Partnering with Parents to Support E-Learning

During a recent ATLIS Virtual Town Hall, technology leaders discussed ways their schools are supporting distance learning for their students, in particular, by reaching out to parents. This post shares some of the insights from that gathering, along with some resources for the parent (and grand-parent or other caregiver) partners at home. -- SD

[10-minute read]


What are the best ways for schools to support their parent communities during this time of transition to learning in virtual spaces?

A recent ATLIS Virtual Town Hall of technology educators from around the globe tackled these questions.

What are you doing or feel you need to do to support parents during this challenging time?

What are the best resources you’ve found for parents during this unprecedented time?

Here are some of the suggestions these technology leaders came up with.

Resource Portals

A number of schools are now creating parent resource portals on their school websites, providing a place for housing all resources in one place. These have included such elements as live FAQ pages or posting of general information about when critical tools may be down.

Sometimes just having a single place to explain Virtual Office Hours or post a regular schedule can be a huge help to parents.

Some schools are modeling theirl parent help pages on local public school “who to contact” resources used for other school closures -- this is the kind of thing parents may be used to finding for their children in public schools.

Open Communications

Some have gone further, launching their online programs with open discussions on Facebook Live or Zoom chats to take the pulse of the parent perspective.

Collecting and sharing surveys from parents can provide critical information at just the right time. This was particularly important in the early days, when schools were assessing the bandwidth and device needs for each family.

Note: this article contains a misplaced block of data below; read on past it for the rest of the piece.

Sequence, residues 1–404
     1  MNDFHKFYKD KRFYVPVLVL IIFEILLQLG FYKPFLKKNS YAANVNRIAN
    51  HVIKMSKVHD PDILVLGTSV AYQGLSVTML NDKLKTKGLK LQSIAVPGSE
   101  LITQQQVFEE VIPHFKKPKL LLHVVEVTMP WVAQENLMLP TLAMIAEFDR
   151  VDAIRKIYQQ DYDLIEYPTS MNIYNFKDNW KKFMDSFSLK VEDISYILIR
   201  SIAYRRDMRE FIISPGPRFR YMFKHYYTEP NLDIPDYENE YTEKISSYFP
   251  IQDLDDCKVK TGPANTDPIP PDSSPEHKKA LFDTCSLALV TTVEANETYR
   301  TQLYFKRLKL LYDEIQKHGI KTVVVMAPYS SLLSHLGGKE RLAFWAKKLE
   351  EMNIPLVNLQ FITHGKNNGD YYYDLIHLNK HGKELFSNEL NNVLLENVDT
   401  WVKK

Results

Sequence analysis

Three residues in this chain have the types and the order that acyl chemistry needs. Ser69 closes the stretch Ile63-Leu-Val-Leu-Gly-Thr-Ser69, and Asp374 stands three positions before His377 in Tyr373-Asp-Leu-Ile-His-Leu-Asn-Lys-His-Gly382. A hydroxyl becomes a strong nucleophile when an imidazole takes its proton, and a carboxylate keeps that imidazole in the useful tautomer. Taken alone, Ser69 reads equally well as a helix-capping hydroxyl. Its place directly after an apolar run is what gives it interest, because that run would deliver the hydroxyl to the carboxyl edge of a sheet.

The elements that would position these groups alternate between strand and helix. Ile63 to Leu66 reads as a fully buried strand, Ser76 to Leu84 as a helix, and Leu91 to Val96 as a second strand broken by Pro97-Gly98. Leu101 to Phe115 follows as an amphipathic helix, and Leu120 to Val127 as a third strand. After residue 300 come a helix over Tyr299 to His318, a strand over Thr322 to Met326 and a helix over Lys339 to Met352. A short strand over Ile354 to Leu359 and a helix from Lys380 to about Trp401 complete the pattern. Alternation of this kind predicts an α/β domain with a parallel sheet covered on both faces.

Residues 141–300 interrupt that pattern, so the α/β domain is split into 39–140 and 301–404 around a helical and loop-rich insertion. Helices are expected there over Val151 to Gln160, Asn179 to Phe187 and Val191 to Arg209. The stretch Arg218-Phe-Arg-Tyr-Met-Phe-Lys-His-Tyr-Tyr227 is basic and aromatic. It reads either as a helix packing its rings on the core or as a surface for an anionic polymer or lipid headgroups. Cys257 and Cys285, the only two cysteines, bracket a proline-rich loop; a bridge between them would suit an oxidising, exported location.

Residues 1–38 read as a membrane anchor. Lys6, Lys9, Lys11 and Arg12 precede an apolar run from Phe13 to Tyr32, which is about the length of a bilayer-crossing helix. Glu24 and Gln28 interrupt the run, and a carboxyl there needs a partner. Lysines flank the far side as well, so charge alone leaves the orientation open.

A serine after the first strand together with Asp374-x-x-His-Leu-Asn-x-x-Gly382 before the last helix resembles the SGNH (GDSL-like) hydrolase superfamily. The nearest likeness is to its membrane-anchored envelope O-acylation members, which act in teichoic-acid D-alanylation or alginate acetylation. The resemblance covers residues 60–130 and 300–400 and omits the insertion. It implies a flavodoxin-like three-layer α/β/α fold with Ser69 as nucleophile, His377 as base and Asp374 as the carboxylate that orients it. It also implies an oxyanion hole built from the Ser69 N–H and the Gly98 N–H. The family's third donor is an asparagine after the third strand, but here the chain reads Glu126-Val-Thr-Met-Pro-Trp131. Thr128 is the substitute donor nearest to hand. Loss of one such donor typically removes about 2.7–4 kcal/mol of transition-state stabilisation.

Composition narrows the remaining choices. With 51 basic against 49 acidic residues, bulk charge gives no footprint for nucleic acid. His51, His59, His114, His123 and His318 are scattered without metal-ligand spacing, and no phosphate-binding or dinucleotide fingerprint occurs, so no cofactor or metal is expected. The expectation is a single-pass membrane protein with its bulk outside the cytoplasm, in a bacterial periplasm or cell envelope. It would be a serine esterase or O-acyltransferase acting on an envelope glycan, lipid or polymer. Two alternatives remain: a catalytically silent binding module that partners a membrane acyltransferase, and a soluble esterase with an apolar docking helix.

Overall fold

As schools work to sustain learning programs over the next several weeks, school leaders should be in frequent contact with parents about how learning just plain looks different in a digital environment.

The Help Desk 

Providing a clear avenue of communication with parents who need technical support is important. A discussion board can help parents troubleshoot and help each other when a tech team is overtaxed. 

Offering the school's Help Desk ticketing system to the parent body is one step, but the parents unused to this kind of tool may need some training in how best to get they support they need.

Community Well-Being

Technology teams can play a role in helping parents find ways to connect with one another when the usual child pick-up line or meet-up during an athletic event just doesn't exist anymore.

The same goes for students. Schools can help students find the emotional connections they need with the adults who mentor them, as well as friends who are isolated in their own homes.

One school set up Zoom Camp during Spring Break to give relief to families who were working from home surrounded by rambunctious children. The camp included online games, story time, and student-run classes or clubs.

As the economy puts a strain on some families, community efforts by schools to support parents in need to offer grocery store gift cards can make a huge impact.

Parents as Teaching Assistants

“A lot of our parents are now teachers,” one participant in our Town Hall said, “so we treat them like faculty.”

Parents or other caregivers may now find themselves in the crucial role of translating the online learning lessons into something their children grab hold of and run with. While this may be similar to regular help at night with homework, students who are challenged to become more independent in their learning may need the help of a nearby adult just to get started.

So, in some ways, the professional development that many technology educators have been delivering to their school colleagues may need a parent version as well.

All in all, we are building this new world of online learning together, and we need to recognize and honor the relationships that will help our students succeed.



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